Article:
Patron Saint: San Nicasio
The Sundays of May
Corpus Chisti (June)
The Annual Fair (early September)
Climate: In the centre of Andalucía and with low mountains all around, winters can sometimes be pretty chilly, summers quite hot. Very low humidity and plenty of sunshine (over 3,000 hours per annum)
A dignified, convivial provincial town, Priego de Córdoba is Andalucía at its most refined and authentic.
Midway between the two great cities of Córdoba and Granada, Priego de Córdoba is timeless and seductive, Andalucía at its most refined and authentic. A dignified, convivial provincial town, it is suspended between mountains and olive groves, within walking distance of the spectacular countryside of the Subbética Natural Park.
A busy, bustling little market town, there’s much to commend it.
Head straight for the old historic quarter, Barrio de la Villa, and amble through its maze of narrow passageways, the houses Moorish in style, their white walls festooned with trailing flowers, flower pots and religious icons.
Doors and windows are neatly painted in blue or green. Some still have ancient tunnels that went from their cellars (bodegas) up to the castle.
Amble through the maze of narrow passageways and twisting streets of the old, historic quarter, its walls festooned with flowers and religious icons.
This labyrinthine of narrow twisting streets in the old quarter emerge at an elevated promenade, the Balcon del Adarve, which skirts the fortified cliff edge, a natural fortress with wide views of the olive grove speckled mountains beyond. It’s breathtakingly beautiful and a favourite subject for paintings.
Priego also has more than its fair share of marvellous baroque churches. Churches such as the Iglesia de la Asunción, a Gothic / Mudejar temple remodelled in the Baroque style in the 18th Century. The main altarpiece is Renaissance, its sacristy chapel considered to be one of the masterpieces of the Spanish baroque.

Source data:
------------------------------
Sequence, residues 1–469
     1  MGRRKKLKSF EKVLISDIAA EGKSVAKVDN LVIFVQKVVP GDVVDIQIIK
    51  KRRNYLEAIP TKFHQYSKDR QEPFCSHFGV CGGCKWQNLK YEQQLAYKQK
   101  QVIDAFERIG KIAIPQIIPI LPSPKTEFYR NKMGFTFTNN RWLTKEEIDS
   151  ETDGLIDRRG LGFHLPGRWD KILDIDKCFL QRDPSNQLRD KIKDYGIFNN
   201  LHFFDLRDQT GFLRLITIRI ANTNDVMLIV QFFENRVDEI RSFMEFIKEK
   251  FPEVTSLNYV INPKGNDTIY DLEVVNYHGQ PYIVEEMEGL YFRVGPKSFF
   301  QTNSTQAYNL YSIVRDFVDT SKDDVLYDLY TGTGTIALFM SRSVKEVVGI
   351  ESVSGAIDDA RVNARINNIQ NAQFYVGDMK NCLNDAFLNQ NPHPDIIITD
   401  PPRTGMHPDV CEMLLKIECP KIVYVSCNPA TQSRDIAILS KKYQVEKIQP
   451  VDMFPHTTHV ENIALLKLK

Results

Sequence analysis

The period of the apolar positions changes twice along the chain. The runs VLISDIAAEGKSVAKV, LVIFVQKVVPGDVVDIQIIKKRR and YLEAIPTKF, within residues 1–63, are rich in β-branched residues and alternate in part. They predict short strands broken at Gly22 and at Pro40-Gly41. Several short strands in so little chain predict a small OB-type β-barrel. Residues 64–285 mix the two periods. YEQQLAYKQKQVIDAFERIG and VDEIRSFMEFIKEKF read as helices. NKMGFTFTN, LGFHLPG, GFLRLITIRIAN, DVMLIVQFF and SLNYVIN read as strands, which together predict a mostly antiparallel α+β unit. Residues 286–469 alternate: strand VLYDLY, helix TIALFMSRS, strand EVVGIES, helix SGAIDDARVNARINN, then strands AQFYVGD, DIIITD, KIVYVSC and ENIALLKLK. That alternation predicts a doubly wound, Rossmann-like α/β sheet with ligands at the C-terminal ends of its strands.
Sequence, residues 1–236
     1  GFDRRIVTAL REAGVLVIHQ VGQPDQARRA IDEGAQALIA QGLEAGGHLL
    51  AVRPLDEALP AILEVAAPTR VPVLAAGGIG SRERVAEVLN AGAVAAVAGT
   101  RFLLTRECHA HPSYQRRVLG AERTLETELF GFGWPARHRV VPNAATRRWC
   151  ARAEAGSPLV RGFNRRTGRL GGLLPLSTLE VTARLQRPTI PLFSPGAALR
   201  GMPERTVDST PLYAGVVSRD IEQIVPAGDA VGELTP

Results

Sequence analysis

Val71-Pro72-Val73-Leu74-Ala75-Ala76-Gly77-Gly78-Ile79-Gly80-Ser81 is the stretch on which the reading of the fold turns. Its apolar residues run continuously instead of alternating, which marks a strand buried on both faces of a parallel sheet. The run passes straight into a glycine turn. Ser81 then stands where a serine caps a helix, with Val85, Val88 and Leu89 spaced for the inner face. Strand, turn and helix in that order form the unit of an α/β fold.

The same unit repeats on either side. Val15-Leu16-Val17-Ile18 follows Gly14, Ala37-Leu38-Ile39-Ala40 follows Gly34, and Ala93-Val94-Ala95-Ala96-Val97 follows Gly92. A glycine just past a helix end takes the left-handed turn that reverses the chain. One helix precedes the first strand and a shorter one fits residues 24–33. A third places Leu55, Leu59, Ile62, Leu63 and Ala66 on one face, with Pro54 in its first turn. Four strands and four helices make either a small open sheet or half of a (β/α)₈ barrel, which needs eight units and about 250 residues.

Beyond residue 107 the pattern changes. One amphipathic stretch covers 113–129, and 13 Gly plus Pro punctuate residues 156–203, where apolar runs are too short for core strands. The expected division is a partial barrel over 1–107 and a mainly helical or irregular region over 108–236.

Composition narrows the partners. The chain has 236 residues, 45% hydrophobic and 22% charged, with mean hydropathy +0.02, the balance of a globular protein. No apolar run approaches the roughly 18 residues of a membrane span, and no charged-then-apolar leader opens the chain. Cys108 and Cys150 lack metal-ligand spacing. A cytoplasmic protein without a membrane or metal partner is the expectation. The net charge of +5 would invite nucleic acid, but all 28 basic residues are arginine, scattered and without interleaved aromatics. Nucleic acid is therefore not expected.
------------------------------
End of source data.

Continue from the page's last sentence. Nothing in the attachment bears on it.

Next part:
Other fine examples are Iglesia de San Francisco and Iglesia de la Aurora, from which a cloaked brotherhood sets out on a procession every Saturday night, singing songs and collecting alms.
Marvellous baroque churches and beautiful monuments were created by the wealth generated from a booming silk trade.
All this magnificence was made possible by the town’s 18th century silk-production boom. The taffeta and velvet the town produced was sold all over the Spanish peninsula, France, and the Americas.
The main monument to the wealth created by the silk industry is the Fuente del Rey, an extraordinary, gargoyle-festooned fountain in a leafy park with numerous large pools and no less than 139 spouts surrounding a statue of Neptune.
There are several other architectural delights, including the impressive Arab castle and the 16th Century market and slaughterhouse, Las Carnicerías Reales.
The religious brotherhoods of Priego de Córdoba have a long history, some dating back to before the 16th century. The traditional displays of these brotherhoods in the religious processions of Holy Week (Semana Santa) are renowned throughout Spain for their grandeur and beauty.
These days, the economy of Priego is based on the agriculture of the surrounding countryside, and especially, its superb olive oil.
The economy of Priego is based on the agriculture of the surrounding countryside, and especially, its superb olive oil. Within the local denominación de origen of Priego de Córdoba there are 70,000 acres of olive groves, 7,000 farms, nine mills, 14 commercial plants and four co-operatives, producing some of the finest olive oil, not just in Spain, but in the world.
It has recently won many of the most prestigious prizes in international competitions.
Many who know about these things would argue that the prize-winning Serie Oro label, from the nearby Almazaras de la Subbética co-operative, is the finest virgin olive oil in the world.
Quite rightly known as the “Baroque Jewel”, Priego is a lovely little town, energetic and flourishing yet steeped in history and old-world charm. A town which just invites you to stroll around.